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Balancing act

Here are some more natural ways to keep your hormones in balance

A woman’s hormones can affect every part of her life no matter what age she is,” says leading women’s health expert Dr Marilyn Glenville PhD ( “Using specific nutrients can be extremely beneficial alongside a healthy diet." Here are Dr Glenville's top suggestions.

B vitamins

The B vitamins are especially important because they are essential for your liver to be able to convert oestradiol (the more carcinogenic oestrogen) into the relatively harmless oestriol, which is then excreted. This is important especially with hormone imbalances such as fibroids and endometriosis. The B vitamins are also your anti-stress vitamins and stress can make any hormone imbalance worse.


This mineral has been classed as ‘nature’s tranquilliser’, so it is an important mineral where stress may be a factor in causing a woman’s’ hormonal problem e.g., irregular or no periods, PMS or perimenopause. Magnesium also acts as a muscle relaxant and has a beneficial effect on painful periods and lower back pain. A magnesium deficiency can cause blood vessels to go into spasms, so if you suffer from menstrual migraines, magnesium can be useful in preventing these spasms. There is a strong link between magnesium deficiency and insulin resistance, so it is an important mineral in helping with polycystic ovary syndrome (PCOS). Supplementation of magnesium has been found to be extremely useful in alleviating many of the PMS symptoms and even more effective when taken together with vitamin B6.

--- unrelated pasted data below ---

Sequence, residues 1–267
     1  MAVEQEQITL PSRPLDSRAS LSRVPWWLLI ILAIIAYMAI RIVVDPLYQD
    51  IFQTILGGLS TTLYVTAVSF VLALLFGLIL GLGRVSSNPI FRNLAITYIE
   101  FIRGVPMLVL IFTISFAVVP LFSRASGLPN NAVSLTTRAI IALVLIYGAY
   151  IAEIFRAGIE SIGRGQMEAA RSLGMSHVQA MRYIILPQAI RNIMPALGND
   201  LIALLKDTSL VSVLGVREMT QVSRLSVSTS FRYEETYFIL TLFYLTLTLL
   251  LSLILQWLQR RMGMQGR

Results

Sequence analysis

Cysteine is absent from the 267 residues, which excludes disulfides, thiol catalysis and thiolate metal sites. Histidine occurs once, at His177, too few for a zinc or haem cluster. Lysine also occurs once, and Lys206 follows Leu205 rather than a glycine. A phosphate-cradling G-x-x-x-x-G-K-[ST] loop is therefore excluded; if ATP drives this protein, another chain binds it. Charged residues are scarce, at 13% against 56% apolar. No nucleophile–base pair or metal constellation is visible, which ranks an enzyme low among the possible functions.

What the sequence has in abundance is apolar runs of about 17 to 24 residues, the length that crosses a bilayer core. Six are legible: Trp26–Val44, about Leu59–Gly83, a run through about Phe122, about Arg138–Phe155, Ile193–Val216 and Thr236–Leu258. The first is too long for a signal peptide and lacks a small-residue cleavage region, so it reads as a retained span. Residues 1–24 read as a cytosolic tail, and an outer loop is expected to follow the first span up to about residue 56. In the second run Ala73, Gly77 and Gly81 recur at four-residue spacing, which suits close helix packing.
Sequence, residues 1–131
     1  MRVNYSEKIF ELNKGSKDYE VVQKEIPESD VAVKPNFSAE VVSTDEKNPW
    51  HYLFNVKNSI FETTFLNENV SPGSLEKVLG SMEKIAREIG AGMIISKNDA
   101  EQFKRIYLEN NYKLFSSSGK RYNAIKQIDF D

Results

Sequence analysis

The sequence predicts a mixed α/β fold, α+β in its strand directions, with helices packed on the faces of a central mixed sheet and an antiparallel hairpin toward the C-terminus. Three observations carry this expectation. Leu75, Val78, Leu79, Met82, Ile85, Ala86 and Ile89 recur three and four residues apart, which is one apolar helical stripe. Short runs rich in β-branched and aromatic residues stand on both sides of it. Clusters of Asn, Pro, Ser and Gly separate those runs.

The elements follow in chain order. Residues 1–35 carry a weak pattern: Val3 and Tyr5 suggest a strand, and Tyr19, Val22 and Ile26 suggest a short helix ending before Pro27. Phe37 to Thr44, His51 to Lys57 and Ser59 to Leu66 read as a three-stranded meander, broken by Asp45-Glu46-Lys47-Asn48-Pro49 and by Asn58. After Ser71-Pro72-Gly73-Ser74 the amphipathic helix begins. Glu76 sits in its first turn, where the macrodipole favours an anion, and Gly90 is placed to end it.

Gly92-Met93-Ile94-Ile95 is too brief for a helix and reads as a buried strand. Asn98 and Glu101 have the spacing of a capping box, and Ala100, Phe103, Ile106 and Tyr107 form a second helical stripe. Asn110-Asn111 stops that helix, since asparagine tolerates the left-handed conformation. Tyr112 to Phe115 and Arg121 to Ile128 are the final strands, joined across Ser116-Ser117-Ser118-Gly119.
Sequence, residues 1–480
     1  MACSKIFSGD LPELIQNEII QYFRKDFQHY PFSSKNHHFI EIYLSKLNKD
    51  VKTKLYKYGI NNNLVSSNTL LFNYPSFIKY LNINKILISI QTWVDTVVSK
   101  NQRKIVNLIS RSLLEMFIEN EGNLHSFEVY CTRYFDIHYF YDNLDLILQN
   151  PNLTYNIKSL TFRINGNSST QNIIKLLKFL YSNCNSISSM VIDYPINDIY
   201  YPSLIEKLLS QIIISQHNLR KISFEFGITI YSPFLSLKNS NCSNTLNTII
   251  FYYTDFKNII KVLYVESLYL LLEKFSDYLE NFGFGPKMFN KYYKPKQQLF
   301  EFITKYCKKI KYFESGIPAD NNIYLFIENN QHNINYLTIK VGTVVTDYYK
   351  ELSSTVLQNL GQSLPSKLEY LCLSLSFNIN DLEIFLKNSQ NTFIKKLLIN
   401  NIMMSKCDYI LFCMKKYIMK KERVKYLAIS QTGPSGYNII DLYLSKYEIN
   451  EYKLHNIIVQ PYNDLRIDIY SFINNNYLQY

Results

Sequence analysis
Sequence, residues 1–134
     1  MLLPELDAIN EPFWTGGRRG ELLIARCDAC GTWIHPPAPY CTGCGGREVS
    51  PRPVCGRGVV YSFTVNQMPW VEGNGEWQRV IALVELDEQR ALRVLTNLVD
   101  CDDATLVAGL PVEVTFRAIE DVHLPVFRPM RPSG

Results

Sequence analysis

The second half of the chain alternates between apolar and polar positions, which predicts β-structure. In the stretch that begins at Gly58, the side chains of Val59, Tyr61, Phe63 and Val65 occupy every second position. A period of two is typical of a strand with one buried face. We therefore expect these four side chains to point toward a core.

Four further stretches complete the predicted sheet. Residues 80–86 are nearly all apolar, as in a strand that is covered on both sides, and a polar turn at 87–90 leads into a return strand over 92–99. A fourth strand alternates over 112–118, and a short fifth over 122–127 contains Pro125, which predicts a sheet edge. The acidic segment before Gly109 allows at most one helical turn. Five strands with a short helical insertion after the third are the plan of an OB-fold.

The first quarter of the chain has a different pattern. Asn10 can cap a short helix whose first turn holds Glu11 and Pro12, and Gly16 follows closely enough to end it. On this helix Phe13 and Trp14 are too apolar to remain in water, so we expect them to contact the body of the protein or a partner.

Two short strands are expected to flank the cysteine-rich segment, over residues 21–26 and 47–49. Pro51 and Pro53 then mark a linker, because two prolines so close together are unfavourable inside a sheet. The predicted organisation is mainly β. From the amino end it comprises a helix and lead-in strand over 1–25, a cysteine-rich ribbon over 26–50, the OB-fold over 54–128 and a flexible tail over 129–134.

Zinc is an important mineral for the normal functioning of many hormones including the sex hormones and insulin. So, it is extremely important in balancing blood sugar which is important for PMS and in conditions like PCOS.

Omega-3 fats

Your body makes beneficial prostaglandins (which are hormone-like substances) from omega-3 essential fatty acids. These prostaglandins help to prevent inflammation and reduce abnormal blood clotting. They play a major role in helping with period problems as well as endometriosis, so they are extremely important when thinking about balancing hormones. Research has shown that women with low intakes of omega-3 fatty acids (from oily fish, flaxseeds and walnuts), have more painful periods than women who have a good intake.

Herbal help

“Herbs are there to support women through every stage of life by helping bring errant hormone patterns back into line,” explains medical herbalist Pamela Spence ( “One of the most well-known herbs to help with difficult periods is Vitex agnus castus. By acting on the pituitary gland Vitex is able to balance hormone levels and is particularly good at improving progesterone levels. This can help regularise cycles and reduce symptoms of PMS.

Period pain is something that nine out of 10 women are thought to have trouble with at some point. Antispasmodic herbs like chamomile and cramp bark can help to relieve cramps, making periods less of a painful affair. Sometimes the pain is caused by passing clots, in which case improving pelvic circulation can be helpful. While yoga is great for this, sitz baths (where you immerse your pelvis in water by sitting in a basin) are also helpful and good old fashioned castor oil packs work well too. For herbs, this is a job for yarrow (Achillea millefolium) which can be taken as a tea or tincture.”

Anti-inflammatory support

“Many women find that breast tenderness is a real issue before periods and if that sounds familiar then evening primrose could be the answer you’re looking for” says Pamela. “High in anti-inflammatory oils, evening primrose is usually taken as an oil in capsule form making it an easy supplement to incorporate into your daily routine.

Many women first start to think about using herbs when they first suffer from menopausal symptoms and for good reason. The phytoestrogens they contain can be enormously helpful in helping us with this transition. Herbs like red clover, sage and black cohosh have all gained notoriety for plugging the oestrogen gap and helping with the move from high to lower oestrogen levels for the rest of our lives.”

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